Leftist leader Hamdeen Sabahi speaks during an interview with Reuters in Cairo, April 29, 2013 (Photo: Reuters)
Nasserist politician Hamdeen Sabbahi said on Saturday that he may still run in the coming presidential elections, stressing that his decision to compete will not depend on whether army chief Abdel-Fattah El-Sisi also runs.
Sabbahi said in a televised interview with MBC Egypt that he still stands by his decision to run in the presidential race if there is consensus on his candidacy from "the revolutionary forces."
He reiterated that he is also willing to back another candidate who gains consensus, if he agrees with their political programme, their presidential team and their supporters.
The Nasserist figure said he would not back a presidential candidate whose team included members of the Muslim Brotherhood.
A founding member of the Egyptian Popular Current, Sabbahi came third in the 2012 presidential elections, after the Muslim Brotherhood’s Mohamed Morsi (eventual winner) and Mubarak-era politician Ahmed Shafiq.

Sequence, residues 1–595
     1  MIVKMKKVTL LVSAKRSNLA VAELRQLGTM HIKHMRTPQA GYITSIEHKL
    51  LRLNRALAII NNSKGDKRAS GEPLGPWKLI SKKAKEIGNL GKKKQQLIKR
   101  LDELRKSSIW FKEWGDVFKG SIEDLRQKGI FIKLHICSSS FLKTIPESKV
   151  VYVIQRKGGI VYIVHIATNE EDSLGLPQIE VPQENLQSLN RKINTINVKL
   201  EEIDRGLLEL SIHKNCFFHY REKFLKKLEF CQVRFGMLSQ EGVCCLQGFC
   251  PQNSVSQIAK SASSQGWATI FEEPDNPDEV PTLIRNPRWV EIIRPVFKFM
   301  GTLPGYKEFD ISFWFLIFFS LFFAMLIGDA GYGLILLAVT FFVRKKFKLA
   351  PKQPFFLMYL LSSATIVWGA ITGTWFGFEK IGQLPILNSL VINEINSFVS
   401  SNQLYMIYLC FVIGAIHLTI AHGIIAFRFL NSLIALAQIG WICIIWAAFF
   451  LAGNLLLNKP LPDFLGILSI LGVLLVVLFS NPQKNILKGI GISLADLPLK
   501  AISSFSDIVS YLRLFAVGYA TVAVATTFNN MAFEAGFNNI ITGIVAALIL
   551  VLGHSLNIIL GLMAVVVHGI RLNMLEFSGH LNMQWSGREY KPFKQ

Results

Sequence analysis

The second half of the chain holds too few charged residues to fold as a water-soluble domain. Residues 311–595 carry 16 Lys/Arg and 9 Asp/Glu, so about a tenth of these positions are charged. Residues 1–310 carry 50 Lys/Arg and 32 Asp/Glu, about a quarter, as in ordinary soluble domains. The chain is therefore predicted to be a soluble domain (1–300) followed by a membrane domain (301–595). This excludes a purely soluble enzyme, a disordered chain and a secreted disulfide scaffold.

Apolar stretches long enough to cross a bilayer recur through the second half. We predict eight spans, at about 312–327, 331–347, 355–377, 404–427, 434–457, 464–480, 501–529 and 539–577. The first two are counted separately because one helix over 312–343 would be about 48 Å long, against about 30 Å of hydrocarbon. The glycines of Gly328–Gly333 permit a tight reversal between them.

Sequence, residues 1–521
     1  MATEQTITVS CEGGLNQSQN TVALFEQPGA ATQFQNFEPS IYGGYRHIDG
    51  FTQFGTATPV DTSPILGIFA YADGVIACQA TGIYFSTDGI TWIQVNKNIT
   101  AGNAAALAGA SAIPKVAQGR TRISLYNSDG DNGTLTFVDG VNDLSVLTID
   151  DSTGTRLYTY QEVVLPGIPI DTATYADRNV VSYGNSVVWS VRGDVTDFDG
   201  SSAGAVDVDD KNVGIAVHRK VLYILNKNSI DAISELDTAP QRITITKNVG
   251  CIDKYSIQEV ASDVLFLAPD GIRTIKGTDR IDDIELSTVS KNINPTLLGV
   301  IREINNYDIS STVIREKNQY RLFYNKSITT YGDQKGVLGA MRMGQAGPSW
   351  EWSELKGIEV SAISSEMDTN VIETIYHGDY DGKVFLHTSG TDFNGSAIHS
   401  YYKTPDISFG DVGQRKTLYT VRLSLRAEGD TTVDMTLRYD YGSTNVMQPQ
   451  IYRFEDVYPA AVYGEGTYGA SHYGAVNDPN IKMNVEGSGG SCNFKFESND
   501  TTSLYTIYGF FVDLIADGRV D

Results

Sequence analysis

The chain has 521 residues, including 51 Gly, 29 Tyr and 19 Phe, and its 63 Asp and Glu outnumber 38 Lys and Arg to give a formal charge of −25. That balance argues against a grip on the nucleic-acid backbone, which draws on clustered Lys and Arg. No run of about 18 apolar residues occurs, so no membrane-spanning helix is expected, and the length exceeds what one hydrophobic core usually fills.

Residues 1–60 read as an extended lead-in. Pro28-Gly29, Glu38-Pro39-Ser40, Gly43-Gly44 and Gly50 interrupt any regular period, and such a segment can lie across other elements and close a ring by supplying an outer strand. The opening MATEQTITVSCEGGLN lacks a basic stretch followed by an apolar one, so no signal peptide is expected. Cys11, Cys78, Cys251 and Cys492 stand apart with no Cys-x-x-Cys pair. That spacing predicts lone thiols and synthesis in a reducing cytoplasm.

El-Sisi, who is heard of Egypt’s armed forces, said publically on Sunday that he would run in the elections, slated for mid-2014, "if the people request it."
Sabbahi stated that he is the only candidate who has "linked his candidacy with the goals of the revolution and not with whether El-Sisi will be running for the presidential post."
He warned against "Mubarak-era corrupt [sympathisers] who want to hijack the 30 June revolution."
Mass protests against the presidency of Mohamed Morsi took place on 30 June last year, triggering his ouster.
Sabbahi had earlier said he would back a presidential bid by El-Sisi, who was a "popular hero,” but in December appeared to change his mind, stating thathe would prefer the army chief stick to military matters, but that he would respect political forces if they wanted him to run.
The Egyptian Popular Current has already launched a campaign to promote Sabbahi as the "revolution's candidate."
Parliamentary and presidential elections are expected to take place by the summer of 2014, as detailed by the post-Morsi roadmap.
A referendum on the recently amended constitution is due to take place on 14 and 15 January.